The order to round up the Hungarian Jews and confine them in ghettos was signed by Lazlo Baky of the Royal Hungarian government on April 7, 1944. Jews in Hungary had been persecuted since 1092 when Jews were forbidden to marry Christians.

The deportation of the Hungarian Jews began on April 29, 1944 when a train load of Jews were sent to Auschwitz- Birkenau on the orders of Adolf Eichmann, according to the book by Laurence Rees.

According to The Holocaust Chronicle, a huge book published in 2002 by Louis Weber, the CEO of Publications International, Ltd., another train filled with Hungarian Jews left for Birkeanu on April 30, 1944; the two trains with a total of 3,800 Jews reached Birkenau on May 2, 1944. There were 486 men and 616 women selected to work; the remaining 2,698 Jews were allegedly gassed upon arrival.

On May 8, 1944, former Commandant Rudolf Höss (Hoess) was brought back to Auschwitz-Birkenau to supervise the further deportation of the Hungarian Jews. The next day, Höss ordered the train tracks to be extended inside the Birkenau camp so that the Hungarian Jews could be brought as close as possible to the gas chambers.

According to Laurence Rees, in his book “Auschwitz, a New History,” the first mass transport of Hungarian Jews left on May 15, 1944 and arrived at Birkenau on May 16, 1944. The mass transports consisted of 3,000 or more prisoners on each train.

In October 1940, Hungary had become allies with the Axis powers by joining the Tripartite Pact. Part of the deal was that Hungary would be allowed to take back northern Transylvania, a province that had been given to Romania after World War I. Hungarian soldiers participated in the German invasion of the Soviet Union in June 1941.

On April 17, 1943, after Bulgaria, another ally of Germany, had refused to permit their Jews to be deported, Hitler met with Admiral Miklos Horthy, the Hungarian leader, in Salzburg and tried to persuade him to allow the Hungarian Jews to be “resettled” in Poland, according to Martin Gilbert in his book entitled “Never Again.” Admiral Horthy rejected Hitler’s plea and refused to deport the Hungarian Jews.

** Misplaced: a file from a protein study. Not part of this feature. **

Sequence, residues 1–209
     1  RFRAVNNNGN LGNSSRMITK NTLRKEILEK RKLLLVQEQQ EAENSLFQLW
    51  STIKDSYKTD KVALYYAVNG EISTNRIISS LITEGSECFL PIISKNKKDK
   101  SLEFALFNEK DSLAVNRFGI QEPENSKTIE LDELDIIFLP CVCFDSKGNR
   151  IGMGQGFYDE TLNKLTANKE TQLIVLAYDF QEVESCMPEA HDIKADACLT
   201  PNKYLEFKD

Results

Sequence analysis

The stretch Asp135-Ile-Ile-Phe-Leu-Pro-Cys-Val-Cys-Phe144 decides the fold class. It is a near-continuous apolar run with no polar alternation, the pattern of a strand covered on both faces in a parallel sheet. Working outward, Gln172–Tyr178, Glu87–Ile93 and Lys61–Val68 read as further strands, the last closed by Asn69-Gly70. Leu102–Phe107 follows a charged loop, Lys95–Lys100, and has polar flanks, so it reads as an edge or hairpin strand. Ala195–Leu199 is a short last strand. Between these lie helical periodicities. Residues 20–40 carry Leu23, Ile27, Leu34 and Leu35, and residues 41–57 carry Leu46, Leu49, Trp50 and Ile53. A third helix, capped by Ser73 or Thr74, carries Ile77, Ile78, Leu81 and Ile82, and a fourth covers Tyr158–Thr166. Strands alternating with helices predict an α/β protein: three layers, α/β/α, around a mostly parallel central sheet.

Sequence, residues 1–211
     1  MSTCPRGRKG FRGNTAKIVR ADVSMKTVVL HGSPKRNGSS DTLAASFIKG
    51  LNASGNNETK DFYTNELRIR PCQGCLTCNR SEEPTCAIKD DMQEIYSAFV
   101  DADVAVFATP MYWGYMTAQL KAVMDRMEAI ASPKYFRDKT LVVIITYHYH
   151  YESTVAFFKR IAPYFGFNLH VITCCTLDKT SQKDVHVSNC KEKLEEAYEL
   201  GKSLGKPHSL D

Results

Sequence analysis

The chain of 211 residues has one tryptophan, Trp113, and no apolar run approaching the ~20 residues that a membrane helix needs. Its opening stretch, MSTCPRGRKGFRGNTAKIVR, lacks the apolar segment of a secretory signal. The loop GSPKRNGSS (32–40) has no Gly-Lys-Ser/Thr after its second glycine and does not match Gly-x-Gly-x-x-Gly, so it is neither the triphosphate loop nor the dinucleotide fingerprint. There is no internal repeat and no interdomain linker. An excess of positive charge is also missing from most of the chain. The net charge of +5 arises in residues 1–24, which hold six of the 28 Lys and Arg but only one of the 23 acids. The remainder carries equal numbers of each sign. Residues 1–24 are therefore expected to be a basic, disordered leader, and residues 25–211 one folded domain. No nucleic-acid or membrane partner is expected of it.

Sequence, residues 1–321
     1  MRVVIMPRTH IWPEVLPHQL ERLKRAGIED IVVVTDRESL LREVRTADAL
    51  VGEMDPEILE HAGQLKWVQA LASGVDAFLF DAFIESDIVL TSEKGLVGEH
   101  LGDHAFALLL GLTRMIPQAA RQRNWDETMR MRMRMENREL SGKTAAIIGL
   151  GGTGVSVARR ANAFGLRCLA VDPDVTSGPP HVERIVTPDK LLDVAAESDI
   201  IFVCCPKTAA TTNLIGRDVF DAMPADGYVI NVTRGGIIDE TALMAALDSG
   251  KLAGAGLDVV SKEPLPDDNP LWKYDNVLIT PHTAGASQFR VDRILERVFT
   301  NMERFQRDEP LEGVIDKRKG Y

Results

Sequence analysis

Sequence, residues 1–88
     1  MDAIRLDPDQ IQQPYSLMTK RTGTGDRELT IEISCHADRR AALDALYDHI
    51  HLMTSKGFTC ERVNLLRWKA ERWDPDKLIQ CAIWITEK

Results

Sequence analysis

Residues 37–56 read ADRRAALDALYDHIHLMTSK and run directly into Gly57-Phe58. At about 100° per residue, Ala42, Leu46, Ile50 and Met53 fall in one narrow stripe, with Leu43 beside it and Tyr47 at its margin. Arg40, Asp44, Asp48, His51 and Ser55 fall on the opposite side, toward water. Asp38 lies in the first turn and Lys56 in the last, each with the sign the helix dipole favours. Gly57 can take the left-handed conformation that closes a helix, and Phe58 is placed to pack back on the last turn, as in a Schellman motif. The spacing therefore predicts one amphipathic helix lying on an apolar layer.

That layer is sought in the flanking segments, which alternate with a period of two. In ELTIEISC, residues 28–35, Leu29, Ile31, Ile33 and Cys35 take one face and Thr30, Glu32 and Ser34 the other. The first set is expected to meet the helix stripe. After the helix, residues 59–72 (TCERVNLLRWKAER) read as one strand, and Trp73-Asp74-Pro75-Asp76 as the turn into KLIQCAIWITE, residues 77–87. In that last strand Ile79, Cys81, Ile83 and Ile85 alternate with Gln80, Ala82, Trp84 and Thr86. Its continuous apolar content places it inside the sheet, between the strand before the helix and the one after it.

From the beginning of the persecution of the Jews by the Nazis in 1933, until March 1944, Hungary was a relatively safe haven for the Jews and many Jews from Germany, Austria, Slovakia and Poland sought refuge within its borders. However, in 1938, Hungary had enacted laws similar to the laws in Nazi Germany, which discriminated against the Jews.

On September 3, 1943, Italy signed an armistice with the Allies and turned against Germany, their former ally. Horthy hoped to negotiate a similar deal with the Western allies to stop a Soviet invasion of Hungary.

“Sonderkommando Eichmann,” a special group of SS soldiers under the command of Adolf Eichmann, was activated on March 10, 1944 for the purpose of deporting the Hungarian Jews to Auschwitz; the personnel in this Special Action Commando was assembled at the Mauthausen concentration camp in Austria and then sent to Hungary on March 19, 1944 during the celebration of Purim, a Jewish holiday.

 

Hungarian Jews walking to the gas chamber

On March 18, 1944, Hitler had a second meeting with Horthy at Schloss Klessheim, a castle near Salzburg in Austria. An agreement was reached in which Horthy promised to allow 100,000 Jews to be sent to the Greater German Reich to construct underground factories for the manufacture of fighter aircraft. These factories were to be located at Mauthausen, and at the eleven Kaufering sub camps of Dachau. The Jews were to be sent to Auschwitz, and then transferred to the camps in Germany and Austria.

When Horthy returned to Hungary, he found that Edmund Veesenmayer, an SS Brigadeführer, had been installed as the effective ruler of Hungary, responsible directly to the German Foreign Office and Hitler.

On March 19, 1944, the same day that Eichmann’s Sonderkommando arrived, German troops occupied Hungary. The invasion of Hungary by the Soviet Union was imminent and Hitler suspected that Horthy was planning to change sides. As it became more and more likely that Germany would lose the war, its allies began to defect to the winning side. Romania switched to the Allied side on August 23, 1944.

After the formation of the Reich Central Security Office (RSHA) in 1939, Adolf Eichmann had been put in charge of section IV B4, the RSHA department that handled the deportation of the Jews. One of his first assignments was to work on the Nazi plan to send the European Jews to the island of Madagascar off the coast of Africa. This plan was abandoned in 1940.

According to Rudolf Höss, the Commandant of Auschwitz, “Eichmann had concerned himself with the Jewish question since his youth and had an extensive knowledge of the literature on the subject. He lived for a long time in Palestine in order to learn more about the Zionists and the growing Jewish state.”

In 1937, Eichmann had gone to the Middle East to research the possibility of mass Jewish emigration to Palestine. He had met with Feival Polkes, an agent of the Haganah, with whom he discussed the Zionist plan to create a Jewish state. According to testimony at his trial in 1961 in Jerusalem, Eichmann was denied entry into Palestine by the British, who were opposed to a Jewish state in Palestine, so the idea of deporting all the European Jews to Palestine was abandoned.

At the Wannsee Conference on January 20, 1942, at which the Final Solution to the Jewish Question was planned, Eichmann had been assigned to organize the “transportation to the East” which was a euphemism for sending the European Jews to be killed at Treblinka, Sobibor, Belzec, Majdanek and Auschwitz-Birkenau.